This is a weird movie. It starts out tediously slow, building to a climax that makes the slow part worth it. That being said, the final minutes are way way way too much. The payoff is both worth it and far from worth it. Leading up to it, the whole thing is like a bloody stage play. The characters are definitely interesting and the performances are aces, but I can't help but feel off about the whole situation.
Still Witty, Still Unrestrained, Still Tarantino - Just Not As Much
I'm not going to preface this by saying I'm a diehard Tarantino fan. I'm not, though I do for the most part respect his films. Inglorious Basterds is one of my favorite movies. That being said, this was all Tarantino, just... underwhelming. I walked away feeling partially unsatisfied when it comes to Quentin Tarantino. Objectively, this was a good movie with some twists that I appreciate and I'll look at it that way. I can't help but think that while the character arcs were filled, the Tarantino action and suspense quota was left incomplete.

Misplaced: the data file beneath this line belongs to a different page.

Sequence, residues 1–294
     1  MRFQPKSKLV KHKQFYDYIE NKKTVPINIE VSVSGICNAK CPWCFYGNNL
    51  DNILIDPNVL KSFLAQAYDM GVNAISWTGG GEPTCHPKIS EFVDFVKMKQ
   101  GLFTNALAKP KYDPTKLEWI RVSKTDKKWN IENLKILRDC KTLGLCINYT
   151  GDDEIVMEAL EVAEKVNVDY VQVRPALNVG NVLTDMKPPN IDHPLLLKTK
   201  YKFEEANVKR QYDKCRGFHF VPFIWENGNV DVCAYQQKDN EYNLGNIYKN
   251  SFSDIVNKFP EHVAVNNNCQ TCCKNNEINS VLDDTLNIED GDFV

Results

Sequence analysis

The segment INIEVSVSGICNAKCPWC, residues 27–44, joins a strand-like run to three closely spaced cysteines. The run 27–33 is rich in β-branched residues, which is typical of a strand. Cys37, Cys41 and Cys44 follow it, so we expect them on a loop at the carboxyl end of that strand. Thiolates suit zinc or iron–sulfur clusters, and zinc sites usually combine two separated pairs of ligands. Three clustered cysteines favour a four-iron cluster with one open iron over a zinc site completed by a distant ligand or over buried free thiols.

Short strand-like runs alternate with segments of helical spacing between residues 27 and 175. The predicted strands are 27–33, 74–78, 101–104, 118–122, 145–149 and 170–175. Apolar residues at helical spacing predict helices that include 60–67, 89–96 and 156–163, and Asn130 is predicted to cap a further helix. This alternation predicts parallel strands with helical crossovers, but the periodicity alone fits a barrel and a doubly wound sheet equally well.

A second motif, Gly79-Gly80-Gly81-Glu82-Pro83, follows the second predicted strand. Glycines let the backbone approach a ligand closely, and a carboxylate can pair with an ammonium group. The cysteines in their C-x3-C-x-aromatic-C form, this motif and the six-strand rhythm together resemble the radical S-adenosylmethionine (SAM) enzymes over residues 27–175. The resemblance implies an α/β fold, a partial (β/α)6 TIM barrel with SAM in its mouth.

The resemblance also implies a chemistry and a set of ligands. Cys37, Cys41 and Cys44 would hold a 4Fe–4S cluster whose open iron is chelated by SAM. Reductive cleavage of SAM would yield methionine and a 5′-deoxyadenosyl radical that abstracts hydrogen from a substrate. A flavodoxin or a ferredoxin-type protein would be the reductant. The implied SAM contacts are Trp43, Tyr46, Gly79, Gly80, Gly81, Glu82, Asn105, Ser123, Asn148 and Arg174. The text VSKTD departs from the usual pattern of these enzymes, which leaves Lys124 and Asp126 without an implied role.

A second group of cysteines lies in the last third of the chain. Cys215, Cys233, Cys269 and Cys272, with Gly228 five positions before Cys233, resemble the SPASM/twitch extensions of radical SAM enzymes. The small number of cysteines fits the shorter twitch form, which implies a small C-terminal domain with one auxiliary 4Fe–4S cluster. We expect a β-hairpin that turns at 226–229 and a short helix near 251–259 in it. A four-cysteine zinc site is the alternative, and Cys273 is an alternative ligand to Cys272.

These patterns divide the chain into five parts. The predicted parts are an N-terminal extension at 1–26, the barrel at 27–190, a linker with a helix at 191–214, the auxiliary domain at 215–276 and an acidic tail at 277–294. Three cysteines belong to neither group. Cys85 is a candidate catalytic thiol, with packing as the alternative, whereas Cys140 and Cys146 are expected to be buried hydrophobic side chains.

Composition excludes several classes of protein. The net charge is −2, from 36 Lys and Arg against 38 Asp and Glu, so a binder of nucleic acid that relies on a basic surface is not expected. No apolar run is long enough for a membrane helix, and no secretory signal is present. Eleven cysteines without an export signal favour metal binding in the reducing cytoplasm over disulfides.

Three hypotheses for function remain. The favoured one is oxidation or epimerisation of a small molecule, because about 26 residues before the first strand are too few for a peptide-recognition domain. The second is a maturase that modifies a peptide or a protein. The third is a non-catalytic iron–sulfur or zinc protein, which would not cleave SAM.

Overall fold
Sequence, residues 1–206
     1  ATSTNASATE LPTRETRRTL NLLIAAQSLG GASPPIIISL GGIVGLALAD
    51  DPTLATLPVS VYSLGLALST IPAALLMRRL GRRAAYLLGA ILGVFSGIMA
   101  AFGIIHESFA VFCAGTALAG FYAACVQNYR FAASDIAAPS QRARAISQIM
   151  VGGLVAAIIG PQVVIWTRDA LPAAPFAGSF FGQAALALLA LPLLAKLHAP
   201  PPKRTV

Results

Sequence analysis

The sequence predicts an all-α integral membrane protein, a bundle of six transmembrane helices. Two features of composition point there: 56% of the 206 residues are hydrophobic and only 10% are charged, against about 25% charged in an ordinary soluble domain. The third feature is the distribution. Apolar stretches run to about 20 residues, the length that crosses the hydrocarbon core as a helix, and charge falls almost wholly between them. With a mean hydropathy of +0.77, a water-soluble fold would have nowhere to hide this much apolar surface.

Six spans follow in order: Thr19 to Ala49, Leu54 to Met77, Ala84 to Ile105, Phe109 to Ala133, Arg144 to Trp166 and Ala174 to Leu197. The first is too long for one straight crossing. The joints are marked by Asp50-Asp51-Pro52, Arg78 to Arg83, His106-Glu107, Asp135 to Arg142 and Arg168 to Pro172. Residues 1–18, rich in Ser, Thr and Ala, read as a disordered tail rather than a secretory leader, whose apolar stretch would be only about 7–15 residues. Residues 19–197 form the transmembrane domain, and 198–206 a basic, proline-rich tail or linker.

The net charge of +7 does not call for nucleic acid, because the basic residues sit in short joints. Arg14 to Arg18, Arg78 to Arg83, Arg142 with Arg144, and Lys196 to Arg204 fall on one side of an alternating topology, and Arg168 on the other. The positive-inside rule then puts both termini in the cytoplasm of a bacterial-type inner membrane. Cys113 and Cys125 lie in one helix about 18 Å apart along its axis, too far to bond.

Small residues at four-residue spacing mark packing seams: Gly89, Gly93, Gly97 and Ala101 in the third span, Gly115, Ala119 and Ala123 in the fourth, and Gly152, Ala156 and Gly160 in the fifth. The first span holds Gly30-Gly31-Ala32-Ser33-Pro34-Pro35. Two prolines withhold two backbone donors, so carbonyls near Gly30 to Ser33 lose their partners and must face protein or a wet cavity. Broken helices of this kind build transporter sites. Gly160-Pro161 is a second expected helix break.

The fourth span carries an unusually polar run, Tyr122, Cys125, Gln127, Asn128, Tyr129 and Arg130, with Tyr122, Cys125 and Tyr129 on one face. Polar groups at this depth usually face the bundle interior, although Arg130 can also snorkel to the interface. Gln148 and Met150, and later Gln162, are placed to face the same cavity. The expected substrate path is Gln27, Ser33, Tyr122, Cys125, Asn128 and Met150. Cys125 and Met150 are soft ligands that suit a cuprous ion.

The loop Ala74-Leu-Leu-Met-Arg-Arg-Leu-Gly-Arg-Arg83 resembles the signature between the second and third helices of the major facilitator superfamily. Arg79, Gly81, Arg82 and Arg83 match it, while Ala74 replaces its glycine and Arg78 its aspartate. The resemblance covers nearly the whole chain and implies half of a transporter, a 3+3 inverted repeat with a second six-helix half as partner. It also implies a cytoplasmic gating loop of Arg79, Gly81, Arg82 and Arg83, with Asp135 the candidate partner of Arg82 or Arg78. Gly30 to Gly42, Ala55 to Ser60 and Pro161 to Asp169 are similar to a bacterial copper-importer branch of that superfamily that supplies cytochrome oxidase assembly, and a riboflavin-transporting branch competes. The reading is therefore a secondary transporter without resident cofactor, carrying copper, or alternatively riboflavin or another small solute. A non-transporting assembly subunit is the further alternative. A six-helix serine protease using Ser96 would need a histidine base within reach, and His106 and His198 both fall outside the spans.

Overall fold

Paul Rudd + Decent Weekend Update + Not Bad Sketches = Goo Season Finale
America's best man, the immortal Paul Rudd, hosted SNL's s44 finale, closing it out with an episode that was genuinely funny and stayed that was almost all the way through. (Also I don't have anything on DJ Khalid, if I'm being honest I skipped over it because SNL should really start putting more underrated music artists front and center; instead they got like 20 musical guests.)